Lumps and bumps in dogs’ mouths can be a wide range of things. Oftentimes, the owner doesn’t even know their pet has an oral lump and it is picked up by us vets during a routine health check. This is unsurprising, given that most dog’s dislike having their mouths examined too closely.
Whether a new bump is detected inside the mouth, on the lips or around the dog’s muzzle, this is something we need to take a closer look at. In some instances, your vet may advise a biopsy is taken, so the most appropriate treatment plan can be started.
Most frequent bumps and lumps on or inside dogs’ mouths
In this article, we will first review top causes of bumps and lumps on or around a dog’s mouth – including on the lips and chin:
Bumps frequently found on the chin and around mouth:
1. Canine acne
If you see red bumps around your dog’s mouth, especially if they are young or middle-aged, you may well be dealing with canine acne. We can see relatively small scabs and pustules and certain breeds including the Pug, Bulldog and Boxer are most predisposed. The skin is commonly red and may be swollen and itchy. No lesions will be inside the mouth and these dogs often have other skin issues such as itchy paws and pink skin on their belly and chin.
The Pug in the above picture has quite severe acne and there is probably a good deal of bacterial overgrowth here.
For many of these pooches, they will have allergic skin disease and will react to foods and things in their environment, such as grass and dust mites. We can help them by avoiding allergens as well as treating their skin inflammation and infections with a medicated wash, antibiotics and anti inflammatory medicine. View more pictures of dog acne, with veterinarian information.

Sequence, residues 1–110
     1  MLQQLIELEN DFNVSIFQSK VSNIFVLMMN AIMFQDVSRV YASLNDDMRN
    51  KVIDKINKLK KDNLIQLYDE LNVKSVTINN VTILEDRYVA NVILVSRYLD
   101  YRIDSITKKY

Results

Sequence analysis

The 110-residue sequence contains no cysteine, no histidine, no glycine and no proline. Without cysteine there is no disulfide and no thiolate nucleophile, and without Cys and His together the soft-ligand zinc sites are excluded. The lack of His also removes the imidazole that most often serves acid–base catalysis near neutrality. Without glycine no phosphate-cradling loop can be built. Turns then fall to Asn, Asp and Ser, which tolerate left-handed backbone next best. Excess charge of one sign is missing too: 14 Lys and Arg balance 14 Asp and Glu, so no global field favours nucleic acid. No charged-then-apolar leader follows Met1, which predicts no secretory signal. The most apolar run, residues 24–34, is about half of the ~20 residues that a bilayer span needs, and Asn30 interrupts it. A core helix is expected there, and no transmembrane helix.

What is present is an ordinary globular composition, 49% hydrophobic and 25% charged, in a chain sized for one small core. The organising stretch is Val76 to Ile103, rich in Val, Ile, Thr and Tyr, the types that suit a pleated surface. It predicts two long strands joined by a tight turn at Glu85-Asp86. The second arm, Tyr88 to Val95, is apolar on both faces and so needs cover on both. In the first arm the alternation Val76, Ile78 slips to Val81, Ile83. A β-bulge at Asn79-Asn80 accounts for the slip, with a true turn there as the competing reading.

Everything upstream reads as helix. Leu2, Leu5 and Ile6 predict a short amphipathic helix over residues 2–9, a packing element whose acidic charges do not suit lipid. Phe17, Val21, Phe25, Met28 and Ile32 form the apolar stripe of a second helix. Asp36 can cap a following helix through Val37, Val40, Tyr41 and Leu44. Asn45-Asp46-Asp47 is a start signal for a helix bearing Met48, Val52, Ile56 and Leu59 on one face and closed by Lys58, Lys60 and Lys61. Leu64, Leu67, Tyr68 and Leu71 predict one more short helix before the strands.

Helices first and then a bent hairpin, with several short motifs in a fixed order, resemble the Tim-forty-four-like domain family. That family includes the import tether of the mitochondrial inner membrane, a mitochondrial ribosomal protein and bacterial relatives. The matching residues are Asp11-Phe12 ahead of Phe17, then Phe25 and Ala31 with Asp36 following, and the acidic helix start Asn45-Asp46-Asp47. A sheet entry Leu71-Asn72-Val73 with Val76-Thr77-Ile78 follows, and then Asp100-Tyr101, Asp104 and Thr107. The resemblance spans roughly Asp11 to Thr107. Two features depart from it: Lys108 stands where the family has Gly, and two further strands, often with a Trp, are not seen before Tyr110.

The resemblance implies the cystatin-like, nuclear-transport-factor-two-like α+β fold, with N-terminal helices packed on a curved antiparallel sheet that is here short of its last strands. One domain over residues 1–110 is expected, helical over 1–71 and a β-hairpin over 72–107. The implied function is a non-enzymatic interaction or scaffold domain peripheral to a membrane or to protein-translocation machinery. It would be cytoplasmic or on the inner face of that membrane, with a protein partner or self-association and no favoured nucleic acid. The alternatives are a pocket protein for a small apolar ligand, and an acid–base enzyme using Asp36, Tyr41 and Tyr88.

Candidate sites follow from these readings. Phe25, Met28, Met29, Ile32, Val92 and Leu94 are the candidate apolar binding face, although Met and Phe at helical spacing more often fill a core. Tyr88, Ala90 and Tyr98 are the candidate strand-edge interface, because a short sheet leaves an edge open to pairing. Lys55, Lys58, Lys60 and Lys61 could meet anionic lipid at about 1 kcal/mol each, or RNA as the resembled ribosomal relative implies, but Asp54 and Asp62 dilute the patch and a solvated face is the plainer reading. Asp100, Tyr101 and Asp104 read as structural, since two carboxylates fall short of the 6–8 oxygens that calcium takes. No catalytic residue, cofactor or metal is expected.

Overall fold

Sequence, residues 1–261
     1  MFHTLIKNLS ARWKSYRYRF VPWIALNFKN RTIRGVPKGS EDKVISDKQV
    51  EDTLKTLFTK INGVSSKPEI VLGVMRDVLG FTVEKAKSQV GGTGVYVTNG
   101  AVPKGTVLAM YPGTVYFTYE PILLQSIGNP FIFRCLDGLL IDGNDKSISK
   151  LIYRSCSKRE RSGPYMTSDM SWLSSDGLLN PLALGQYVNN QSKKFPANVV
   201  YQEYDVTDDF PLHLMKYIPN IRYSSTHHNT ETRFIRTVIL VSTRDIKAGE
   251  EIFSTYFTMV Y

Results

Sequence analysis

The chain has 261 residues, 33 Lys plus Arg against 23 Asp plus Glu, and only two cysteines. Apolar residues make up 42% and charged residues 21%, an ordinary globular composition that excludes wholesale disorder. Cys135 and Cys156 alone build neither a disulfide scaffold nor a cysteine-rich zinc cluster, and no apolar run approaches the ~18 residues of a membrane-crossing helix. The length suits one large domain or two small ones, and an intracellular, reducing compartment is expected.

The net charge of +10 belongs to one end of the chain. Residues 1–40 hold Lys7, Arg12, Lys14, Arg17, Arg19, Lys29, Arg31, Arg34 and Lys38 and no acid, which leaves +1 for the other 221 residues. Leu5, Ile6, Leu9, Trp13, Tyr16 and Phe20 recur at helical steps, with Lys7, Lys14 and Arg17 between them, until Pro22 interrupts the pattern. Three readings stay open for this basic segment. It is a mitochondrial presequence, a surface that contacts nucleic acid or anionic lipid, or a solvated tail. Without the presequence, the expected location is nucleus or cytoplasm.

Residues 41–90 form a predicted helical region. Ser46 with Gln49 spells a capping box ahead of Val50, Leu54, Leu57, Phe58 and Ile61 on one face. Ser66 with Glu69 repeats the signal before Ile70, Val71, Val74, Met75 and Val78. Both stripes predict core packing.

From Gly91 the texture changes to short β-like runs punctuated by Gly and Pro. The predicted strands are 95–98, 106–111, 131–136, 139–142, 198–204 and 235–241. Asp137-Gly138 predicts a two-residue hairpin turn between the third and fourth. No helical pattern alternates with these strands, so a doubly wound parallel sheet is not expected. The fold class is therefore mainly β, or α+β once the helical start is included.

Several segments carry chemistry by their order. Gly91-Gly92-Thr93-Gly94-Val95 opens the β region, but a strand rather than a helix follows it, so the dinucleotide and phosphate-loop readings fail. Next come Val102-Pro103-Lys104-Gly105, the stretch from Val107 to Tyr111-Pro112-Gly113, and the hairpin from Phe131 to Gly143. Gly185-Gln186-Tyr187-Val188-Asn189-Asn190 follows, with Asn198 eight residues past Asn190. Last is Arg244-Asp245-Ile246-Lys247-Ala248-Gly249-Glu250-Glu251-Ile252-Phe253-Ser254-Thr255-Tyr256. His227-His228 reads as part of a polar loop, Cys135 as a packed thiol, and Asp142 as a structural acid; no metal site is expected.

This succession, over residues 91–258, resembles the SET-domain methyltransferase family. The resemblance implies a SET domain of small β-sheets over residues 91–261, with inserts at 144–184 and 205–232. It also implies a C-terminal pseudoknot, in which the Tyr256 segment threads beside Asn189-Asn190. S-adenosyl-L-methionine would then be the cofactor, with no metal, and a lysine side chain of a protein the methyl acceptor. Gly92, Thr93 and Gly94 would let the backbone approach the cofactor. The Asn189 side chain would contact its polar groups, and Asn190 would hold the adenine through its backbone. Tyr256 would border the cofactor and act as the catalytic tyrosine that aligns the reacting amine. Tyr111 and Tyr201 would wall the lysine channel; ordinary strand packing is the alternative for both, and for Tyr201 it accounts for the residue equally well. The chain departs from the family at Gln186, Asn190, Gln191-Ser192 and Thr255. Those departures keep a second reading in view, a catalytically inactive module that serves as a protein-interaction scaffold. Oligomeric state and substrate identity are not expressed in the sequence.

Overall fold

Papillomas are also called warts and we see them in dogs of all ages. For younger dogs, they are easily spread from direct contact, as these dogs have yet to develop a natural immunity to the papillomavirus. We also see these raised warts in older dogs, whose immune system isn’t working as effectively as it used to.
WATCH: 3 Important Tips To Care For an Old Dog [VET VIDEO]
Bumps around a dog’s mouth that are fleshy and appear like ‘little brains’ are usually warts. This is especially true in a patient less than two years of age. These are very common and of little concern. In my clinic, I see warts at least once a week.
Thankfully, for the vast majority of our canines, no specific treatment is needed. Their warts will naturally get smaller and go away with time. Much less commonly, the warts are stubborn and need to be surgically removed or treated with a recombinant vaccine. View more pictures of warts in dogs.
White bumps on a dog’s mouth could also be skin tags. These are not associated with the Papillomavirus and are something we see more in elderly dogs. See picture below or view our page about skin tags in dogs.
Lumps and bumps inside a dog’s mouth
If you notice a growth inside the mouth, perhaps when your dog is yawning or eating, this is something a vet should look into right away. There are a number of possible causes for a lump in your dog’s mouth, so let’s take a closer look at each.
One of the most common growths we see on a dog’s gums would be an epulis. These are benign (non-cancerous) growths and they are the fourth most common growth found in the canine mouth according to VIN.
We tend to see these fleshy pink or red growths in snub-nosed dogs including Boxers and Frenchies who are middle-aged. Though they start off small, they can grow quite large, even covering teeth.
As well as a visible lump, owners may notice that their dog is drooling more, has bad breath and is leaving drops of blood behind on their toys and chews.
Your vet can biopsy these growths to determine if they are an epulis and, if so, which type. Treatment will generally include surgical removal. Many owners combine this with a dental cleaning treatment at the same time.
Papillomas have been discussed above, but they can equally appear inside the dog’s mouth, not just outside it. Some dogs will develop quite a few of these masses and they will be both inside and outside of their mouths.
Oral warts tend to remain small and look like little cauliflowers. Other symptoms are uncommon but some owners might notice bad breath. If the lesions are rubbed against, they can start to bleed for a short while.
Disclaimer: This content is not a substitute for veterinary care. Always consult with your vet for health decisions. Learn more.